After claims five through twelve in his second petition were sent back to this court, Patterson was given an opportunity to file an amended petition. He filed an amended petition, but he then sought to withdraw it without prejudice, and the court entered an order dismissing the amended petition without prejudice pursuant to Fed.R.Civ.P. 41(a)(1)(i), the predecessor to Fed.R.Civ.P. 41(a)(1)(A)(i). Docket Item 9.

         In light of that history, this court must determine whether the third petition is a "successive application" that should be transferred to the Second Circuit for authorization under 28 U.S.C. Section 2244(b)(3)(A).

         DISCUSSION

         I. THIRD (INSTANT) PETITION

         A. Grounds for relief

         The instant petition was filed on August 28, 2017, and raises two grounds for relief based on the same supporting facts. Docket Item 1 at 6, 7, 16, 17. The first alleges that New York's indeterminate sentencing scheme, New York Penal Law Section 70.40(1)(a), was unconstitutionally applied to Patterson in 1979-when he entered his plea of guilty and understood that his sentence would be twenty years to life-because there was no discussion or explanation about parole "being a part of the of the plea-agreed twenty[-]year minimum term of imprisonment." Docket Item 1 at 6, 7. Patterson now claims that the plea discussions between him and his attorney were limited to how much time he would need to serve in prison before he would be released. He says that no one-not the court, defense counsel, or the district attorney-advised him about the parole consequences of his sentence before he accepted the "twenty-year plea-agreed indeterminate sentence."[4] Docket Items 1 at 6-8; 1-1, Ex. A at 4-14 (Guilty Plea Minutes, Aug. 27, 1979).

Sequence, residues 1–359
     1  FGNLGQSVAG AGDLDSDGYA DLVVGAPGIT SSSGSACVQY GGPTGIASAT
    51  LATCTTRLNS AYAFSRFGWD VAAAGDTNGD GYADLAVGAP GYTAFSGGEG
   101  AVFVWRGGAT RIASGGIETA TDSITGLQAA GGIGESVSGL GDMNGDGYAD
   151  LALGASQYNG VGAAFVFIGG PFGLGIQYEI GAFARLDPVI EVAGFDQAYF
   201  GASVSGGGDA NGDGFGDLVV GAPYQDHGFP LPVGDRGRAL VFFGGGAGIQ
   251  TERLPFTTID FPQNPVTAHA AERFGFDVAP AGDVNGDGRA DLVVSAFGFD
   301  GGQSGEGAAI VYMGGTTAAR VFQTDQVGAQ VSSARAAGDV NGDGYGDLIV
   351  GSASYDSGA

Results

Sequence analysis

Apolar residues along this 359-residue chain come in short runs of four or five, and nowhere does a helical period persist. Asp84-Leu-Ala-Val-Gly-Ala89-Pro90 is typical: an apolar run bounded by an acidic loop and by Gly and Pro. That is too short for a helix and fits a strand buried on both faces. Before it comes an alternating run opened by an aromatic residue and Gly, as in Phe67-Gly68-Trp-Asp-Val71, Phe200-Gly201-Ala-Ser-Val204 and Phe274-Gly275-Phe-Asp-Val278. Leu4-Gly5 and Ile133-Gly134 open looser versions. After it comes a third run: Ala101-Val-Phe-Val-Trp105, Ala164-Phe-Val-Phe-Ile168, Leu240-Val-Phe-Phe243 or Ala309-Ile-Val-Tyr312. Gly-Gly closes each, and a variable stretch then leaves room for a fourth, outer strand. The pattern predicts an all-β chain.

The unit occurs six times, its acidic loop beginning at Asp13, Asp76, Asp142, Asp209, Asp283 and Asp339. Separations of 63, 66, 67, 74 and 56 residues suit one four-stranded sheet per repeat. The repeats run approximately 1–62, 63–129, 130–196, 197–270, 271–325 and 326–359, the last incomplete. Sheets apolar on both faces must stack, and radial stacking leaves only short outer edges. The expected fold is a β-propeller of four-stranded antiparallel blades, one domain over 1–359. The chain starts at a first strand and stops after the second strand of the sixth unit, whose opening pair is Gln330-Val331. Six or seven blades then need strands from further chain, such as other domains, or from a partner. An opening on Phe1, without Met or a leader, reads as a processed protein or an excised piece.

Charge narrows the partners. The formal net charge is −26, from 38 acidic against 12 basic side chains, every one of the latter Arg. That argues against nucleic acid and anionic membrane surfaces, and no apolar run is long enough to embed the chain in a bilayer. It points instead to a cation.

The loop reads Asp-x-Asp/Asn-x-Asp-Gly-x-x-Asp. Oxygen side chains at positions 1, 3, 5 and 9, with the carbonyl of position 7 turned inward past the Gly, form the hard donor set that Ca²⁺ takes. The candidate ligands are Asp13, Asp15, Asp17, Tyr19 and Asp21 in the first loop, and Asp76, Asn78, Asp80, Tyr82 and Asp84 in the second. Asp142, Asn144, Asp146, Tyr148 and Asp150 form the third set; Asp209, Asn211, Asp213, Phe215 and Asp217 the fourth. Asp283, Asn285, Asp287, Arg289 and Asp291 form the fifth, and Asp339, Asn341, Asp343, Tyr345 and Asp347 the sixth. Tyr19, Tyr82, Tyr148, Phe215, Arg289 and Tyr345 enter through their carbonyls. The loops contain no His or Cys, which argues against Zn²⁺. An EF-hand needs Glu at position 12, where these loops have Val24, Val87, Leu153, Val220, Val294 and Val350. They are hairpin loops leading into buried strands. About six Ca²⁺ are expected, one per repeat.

The second ground, which explicitly relies on the same supporting facts, states that "[t]he procedures as required by clearly established United States Supreme Court precedents and federal standards of due process were ignored and circumvented the State Board of Parole without proper legal jurisdiction and authority in execution of petitioner['s] sentence after completion of the twenty-year minimum of imprisonment per plea-agreement." Docket Item 1 at 16-17.

         After serving twenty years of his twenty-year-to-life sentence, Patterson was referred to the State Division of Parole for his first parole release hearing in January 1999. He was denied parole following that first appearance, and he has since been denied parole after each of his next six or more appearances before the Parole Board. Patterson claims that as of 2013, he had served twelve years beyond his agreed-upon minimum term of imprisonment. Docket Items 1 at 8; 1-1 at 24-28.

         Patterson alleges that at his parole release hearing on November 6, 2013, the Board of Parole acknowledged that the Correctional Offender Management Profiling for Alternative Sentences (COMPAS) measured his risk at the “very lowest of categories of Risk to Abscond, Risk to Commit any [Violent] Felony or even a Risk of Arrest.” Docket Items 1 at 8; 1-1, Ex. E at 30. He says that after his administrative appeal was denied, he filed a state habeas corpus petition challenging New York's indeterminate sentencing scheme. Docket Item 1 at 9-10. That petition was converted to a N.Y. C.P.L.R. Article 78 proceeding and denied on October 21, 2014. Id. at 11. Patterson attempted to appeal directly to the New York Court of Appeals, but the Court of Appeals transferred the appeal to New York State Supreme Court, Appellate Division, Fourth Department. The Appellate Division affirmed the denial of the petition, and Patterson's application for leave to appeal to the New York Court of Appeals was denied on June ...